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Highlight Lecture

WEB Self-charge and self-cycling energy storage devices with the ferroelectric ‘Braga’ glass electrolyte

Tuesday (22.09.2020)
17:20 - 17:35 F: Functional Materials, Surfaces, and Devices 1
Part of:

The ability for electrochemical cells to self-charge for extended periods of time is desirable for energy storage applications. Here, we chose an electrochemical cell containing two electrodes separated by a self-organizing glass electrolyte containing alkali cations. The ferroelectric character of the electrolyte, with an impressively high dielectric constant of 106–107, supported self-charge and self-oscillation. After fabrication, the cells were characterized to determine the electrical impedance, dielectric spectroscopy, and electrochemical discharge. The electrochemical cells also displayed negative resistance and negative capacitance. Negative capacitance is due to the formation of an inverted capacitor between the double-layer capacitor formed at the negative electrode/electrolyte interface and the dipoles of the ferroelectric-electrolyte. Negative resistance is triggered by the formation of an interface phase, which leads to a stepchange of the chemical potential of the electrode. The phenomenon of self-cycling is enhanced at low temperatures where the activation energy is higher than the thermal energy. The results reported here reveal the first report of negative capacitance and negative resistance existing in the same process, which can lead to valuable advancements in energy storage devices and in low-frequency applications.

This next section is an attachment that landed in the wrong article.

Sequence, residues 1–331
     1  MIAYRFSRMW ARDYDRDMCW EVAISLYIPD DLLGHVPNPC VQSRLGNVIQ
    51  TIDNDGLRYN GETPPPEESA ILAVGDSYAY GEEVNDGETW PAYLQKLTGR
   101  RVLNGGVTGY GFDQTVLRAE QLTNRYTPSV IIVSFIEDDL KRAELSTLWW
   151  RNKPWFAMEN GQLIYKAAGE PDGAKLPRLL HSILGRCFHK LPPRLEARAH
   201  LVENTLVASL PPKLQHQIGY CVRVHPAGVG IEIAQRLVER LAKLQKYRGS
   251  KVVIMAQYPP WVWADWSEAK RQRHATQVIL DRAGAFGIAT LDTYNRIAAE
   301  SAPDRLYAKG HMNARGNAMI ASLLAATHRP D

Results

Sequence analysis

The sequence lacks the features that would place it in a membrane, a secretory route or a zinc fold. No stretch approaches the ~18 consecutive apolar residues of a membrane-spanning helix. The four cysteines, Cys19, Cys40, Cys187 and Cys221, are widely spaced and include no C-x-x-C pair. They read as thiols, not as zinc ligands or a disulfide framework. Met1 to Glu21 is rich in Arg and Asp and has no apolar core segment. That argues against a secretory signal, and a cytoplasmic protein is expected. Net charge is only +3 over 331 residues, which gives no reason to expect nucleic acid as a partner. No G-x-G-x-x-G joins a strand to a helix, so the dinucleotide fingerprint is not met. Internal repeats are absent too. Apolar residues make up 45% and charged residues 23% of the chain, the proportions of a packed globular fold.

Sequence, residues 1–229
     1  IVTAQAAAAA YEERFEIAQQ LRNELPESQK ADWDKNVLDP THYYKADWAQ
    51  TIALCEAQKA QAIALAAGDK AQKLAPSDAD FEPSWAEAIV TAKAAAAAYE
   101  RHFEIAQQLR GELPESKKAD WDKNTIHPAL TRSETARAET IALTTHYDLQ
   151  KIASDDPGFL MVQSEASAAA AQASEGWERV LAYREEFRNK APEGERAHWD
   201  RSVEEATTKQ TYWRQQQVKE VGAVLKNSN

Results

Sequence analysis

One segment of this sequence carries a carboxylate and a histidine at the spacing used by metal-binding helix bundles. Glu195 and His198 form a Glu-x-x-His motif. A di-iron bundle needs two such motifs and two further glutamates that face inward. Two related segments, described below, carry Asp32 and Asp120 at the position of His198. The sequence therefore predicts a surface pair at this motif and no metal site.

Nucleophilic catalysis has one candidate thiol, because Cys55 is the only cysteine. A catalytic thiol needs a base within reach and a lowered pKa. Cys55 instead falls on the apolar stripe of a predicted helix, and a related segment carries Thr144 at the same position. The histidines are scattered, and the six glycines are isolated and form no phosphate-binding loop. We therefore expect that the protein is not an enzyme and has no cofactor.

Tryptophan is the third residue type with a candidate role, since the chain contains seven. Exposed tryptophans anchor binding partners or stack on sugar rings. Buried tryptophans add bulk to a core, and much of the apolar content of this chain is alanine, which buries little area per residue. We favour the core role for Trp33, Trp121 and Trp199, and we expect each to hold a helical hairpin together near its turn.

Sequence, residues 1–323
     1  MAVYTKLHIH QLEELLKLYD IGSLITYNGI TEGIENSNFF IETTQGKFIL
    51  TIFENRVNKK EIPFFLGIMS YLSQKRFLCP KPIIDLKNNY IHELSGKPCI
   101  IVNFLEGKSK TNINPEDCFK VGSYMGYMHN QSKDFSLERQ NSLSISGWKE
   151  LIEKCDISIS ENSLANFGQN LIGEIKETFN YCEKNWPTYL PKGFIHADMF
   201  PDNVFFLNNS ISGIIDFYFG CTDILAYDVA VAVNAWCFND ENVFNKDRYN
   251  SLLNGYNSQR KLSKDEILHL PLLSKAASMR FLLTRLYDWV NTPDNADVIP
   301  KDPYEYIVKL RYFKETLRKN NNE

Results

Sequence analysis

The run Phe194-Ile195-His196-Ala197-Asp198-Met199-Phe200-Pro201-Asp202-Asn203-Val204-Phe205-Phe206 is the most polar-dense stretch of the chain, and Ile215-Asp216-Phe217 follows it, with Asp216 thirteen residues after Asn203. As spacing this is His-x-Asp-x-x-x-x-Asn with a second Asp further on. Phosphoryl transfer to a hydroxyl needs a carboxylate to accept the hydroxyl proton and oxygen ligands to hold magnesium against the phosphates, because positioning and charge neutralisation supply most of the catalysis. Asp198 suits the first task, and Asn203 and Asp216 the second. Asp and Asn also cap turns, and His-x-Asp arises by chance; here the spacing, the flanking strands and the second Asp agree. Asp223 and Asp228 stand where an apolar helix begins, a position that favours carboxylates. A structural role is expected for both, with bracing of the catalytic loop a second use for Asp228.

Prof. Joana Oliveira
University of Porto
Additional Authors:
  • Prof. Helena Braga
    University of Porto